Nigerian digital printing startup Printivo is already working with blue chip firms such as Google, Samsung, Stanbic IBTC, Honda and Uber as it prepares to scale faster in the wake of raising a six-figure funding round.
Launched last year, Printivo aims to help Nigerian startups and SMEs print business and marketing materials with ease. The site has around 50 products – ranging from business cards to mugs and bags – with thousands of templates.
Users are able to select their product and template, upload images and input their information, pay online, and have the final product delivered straight to their doorstep. It is this simple and convenient process that co-founder and chief executive officer (CEO) Olu’yomi Ojo hopes will help to grow Nigeria’s US$200 million print market, which until now lacked a credible online presence.
“Lagos has the toughest traffic in the whole of Africa. You can spend three hours to go to a place that should take you 30 minutes,” Ojo told Disrupt Africa.
“So imagine you want to print business cards, and go through all that. This goes for every printing product. It gets very difficult for small scale businesses to get access to printing.”
He said Nigeria is known as the land of the middlemen, an image that is perpetuated by the country’s print industry.
“Someone would have to go about getting a print job done by going face-to-face to a middleman, who takes a cut each time, making the prices high. Deadlines are missed, quality is questionable,” Ojo said.
Small businesses are central to Printivo’s strategy, with Ojo saying the startup is at the heart of Nigeria’s SME community, providing quality design, top customer service and transparent pricing, things he says are “totally revolutionary” for the country’s printing industry.
Yet of the more than 4,000 companies that use Printivo for their printing needs, it is the blue chip companies like Samsung and Google that stand out. And it is the interest of established firms like these, as well as a growing number of orders from countries in which the startup is not even active yet, that have convinced both Ojo and investors that the time has come for expansion.
Disrupt Africa reported last month Printivo had closed a six-figure funding round from early-stage technology venture capital firm EchoVC Partners, which it plans to use to expand its product range, grow its staff, accelerate customer acquisition and scale the business.
“The lightning speed at which Printivo has changed Nigerian SMEs’ print purchasing habits and built a customer base that runs into the thousands is impressive, and was a key driver in our decision to invest,” Wale Ayeni, investment director at EchoVC Pan-Africa Fund, said when the investment was announced.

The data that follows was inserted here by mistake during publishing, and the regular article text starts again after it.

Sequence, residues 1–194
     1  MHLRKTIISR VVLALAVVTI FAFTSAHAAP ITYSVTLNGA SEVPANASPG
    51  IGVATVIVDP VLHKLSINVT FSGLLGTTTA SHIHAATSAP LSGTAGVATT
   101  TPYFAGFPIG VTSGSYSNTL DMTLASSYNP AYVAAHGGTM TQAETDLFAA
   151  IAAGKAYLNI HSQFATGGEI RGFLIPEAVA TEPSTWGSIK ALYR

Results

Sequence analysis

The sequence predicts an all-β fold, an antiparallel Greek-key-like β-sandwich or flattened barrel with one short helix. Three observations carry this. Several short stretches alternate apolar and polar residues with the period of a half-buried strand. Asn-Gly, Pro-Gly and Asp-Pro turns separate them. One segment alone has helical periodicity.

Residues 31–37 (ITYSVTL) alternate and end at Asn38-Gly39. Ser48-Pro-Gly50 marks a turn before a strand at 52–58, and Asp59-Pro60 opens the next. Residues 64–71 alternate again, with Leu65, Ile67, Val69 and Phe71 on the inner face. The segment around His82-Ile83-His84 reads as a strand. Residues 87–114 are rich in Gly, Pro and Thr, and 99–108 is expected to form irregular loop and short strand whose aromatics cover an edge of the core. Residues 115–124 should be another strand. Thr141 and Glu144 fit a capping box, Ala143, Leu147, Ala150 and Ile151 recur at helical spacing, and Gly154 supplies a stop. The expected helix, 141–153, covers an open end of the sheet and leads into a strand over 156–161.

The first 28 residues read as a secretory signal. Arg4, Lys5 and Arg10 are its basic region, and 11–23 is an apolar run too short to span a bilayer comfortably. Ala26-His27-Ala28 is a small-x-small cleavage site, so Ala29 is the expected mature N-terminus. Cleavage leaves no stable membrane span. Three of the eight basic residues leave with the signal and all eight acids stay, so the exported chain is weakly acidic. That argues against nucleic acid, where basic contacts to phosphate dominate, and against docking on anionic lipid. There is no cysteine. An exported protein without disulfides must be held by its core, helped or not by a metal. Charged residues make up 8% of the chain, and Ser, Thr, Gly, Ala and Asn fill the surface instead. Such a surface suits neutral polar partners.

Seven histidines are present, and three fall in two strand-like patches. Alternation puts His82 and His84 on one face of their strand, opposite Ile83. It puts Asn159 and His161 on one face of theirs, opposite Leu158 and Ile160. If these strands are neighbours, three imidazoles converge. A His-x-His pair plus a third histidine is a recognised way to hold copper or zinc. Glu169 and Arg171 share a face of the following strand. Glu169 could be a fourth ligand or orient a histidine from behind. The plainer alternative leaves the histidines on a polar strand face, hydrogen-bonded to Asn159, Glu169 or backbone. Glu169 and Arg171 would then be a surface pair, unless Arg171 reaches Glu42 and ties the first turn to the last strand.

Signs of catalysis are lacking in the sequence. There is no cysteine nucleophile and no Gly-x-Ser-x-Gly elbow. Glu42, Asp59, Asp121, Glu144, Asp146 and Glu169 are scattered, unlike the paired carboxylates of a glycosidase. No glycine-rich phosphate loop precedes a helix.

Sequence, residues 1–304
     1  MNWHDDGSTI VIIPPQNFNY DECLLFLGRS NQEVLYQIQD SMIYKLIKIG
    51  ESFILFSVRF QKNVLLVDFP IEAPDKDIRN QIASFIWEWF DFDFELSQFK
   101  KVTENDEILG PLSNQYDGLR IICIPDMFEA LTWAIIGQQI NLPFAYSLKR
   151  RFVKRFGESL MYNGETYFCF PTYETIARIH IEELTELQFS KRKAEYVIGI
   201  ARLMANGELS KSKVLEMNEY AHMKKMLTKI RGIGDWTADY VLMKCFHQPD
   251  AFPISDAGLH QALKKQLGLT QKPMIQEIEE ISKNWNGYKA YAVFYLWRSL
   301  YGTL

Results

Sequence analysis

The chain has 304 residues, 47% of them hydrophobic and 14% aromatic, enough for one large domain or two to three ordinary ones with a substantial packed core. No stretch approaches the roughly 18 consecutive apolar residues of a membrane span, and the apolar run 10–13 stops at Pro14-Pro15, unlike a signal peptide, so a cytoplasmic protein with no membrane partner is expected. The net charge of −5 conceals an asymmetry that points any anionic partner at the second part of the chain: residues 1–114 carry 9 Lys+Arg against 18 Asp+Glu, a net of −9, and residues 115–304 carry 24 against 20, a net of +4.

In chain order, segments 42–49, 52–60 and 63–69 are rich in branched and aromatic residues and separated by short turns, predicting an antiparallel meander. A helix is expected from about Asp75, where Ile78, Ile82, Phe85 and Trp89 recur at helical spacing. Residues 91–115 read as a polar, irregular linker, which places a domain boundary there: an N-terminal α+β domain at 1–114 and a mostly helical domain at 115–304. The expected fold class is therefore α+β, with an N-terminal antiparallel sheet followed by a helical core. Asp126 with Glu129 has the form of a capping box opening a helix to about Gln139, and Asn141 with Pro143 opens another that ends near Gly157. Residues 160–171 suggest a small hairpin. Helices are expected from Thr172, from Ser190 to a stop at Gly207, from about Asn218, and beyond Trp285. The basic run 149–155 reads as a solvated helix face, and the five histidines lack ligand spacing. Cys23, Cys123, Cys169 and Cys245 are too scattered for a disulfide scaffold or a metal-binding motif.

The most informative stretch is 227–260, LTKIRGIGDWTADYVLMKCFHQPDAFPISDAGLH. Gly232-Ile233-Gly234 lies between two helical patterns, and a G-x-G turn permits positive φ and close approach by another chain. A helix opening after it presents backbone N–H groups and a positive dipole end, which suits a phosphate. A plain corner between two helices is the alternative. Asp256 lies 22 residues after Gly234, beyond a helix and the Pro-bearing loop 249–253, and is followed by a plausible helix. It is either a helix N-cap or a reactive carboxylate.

“EchoVC sees print in Africa as one of the continent’s ‘iceberg micro-economies’, a below-radar but very large and viable industry with enormous scope for growth. The team’s homegrown expertise and innate understanding of the market, their commitment to great design and innovation in print, their ability to grow long lasting customer relationships and their focus on customer service equates to them being best placed to lead the digital printing revolution on the continent.”
Ojo said the investment would allow Printivo to scale faster. It already has revenues growing at 50 per cent quarter-over-quarter, and is on track to fulfilling 1,000 orders per month. Active in 36 Nigerian states, it hopes to become the the primary print outsourcing partner to the 17 million active Nigerian SMEs, before eventually becoming the pan-African e-print platform of choice.
Self-funded initially, Printivo relied on social media and, especially, word of mouth in the months after launch in order to acquire customers.
“If a customer comes and he sees the convenience he tells his friends. We started growing significantly that way,” he said.
No such problem now, with substantial funding behind it, but Printivo faces other challenges, primarily in terms of logistics and payments. But Ojo said the startup was confident these would be overcome and it would continue to grow at an impressive rate.
“I sincerely believe the logistics situation is going to improve. A lot of companies are beginning to see the market in shipping across Africa. Over time it will improve,” he said.
He is equally confident that payments are not an issue for the company.
“Even if card payments fail our customers will go to the banking hall to make payments. We see this trend a lot. It shows the high level of trust,” Ojo said.
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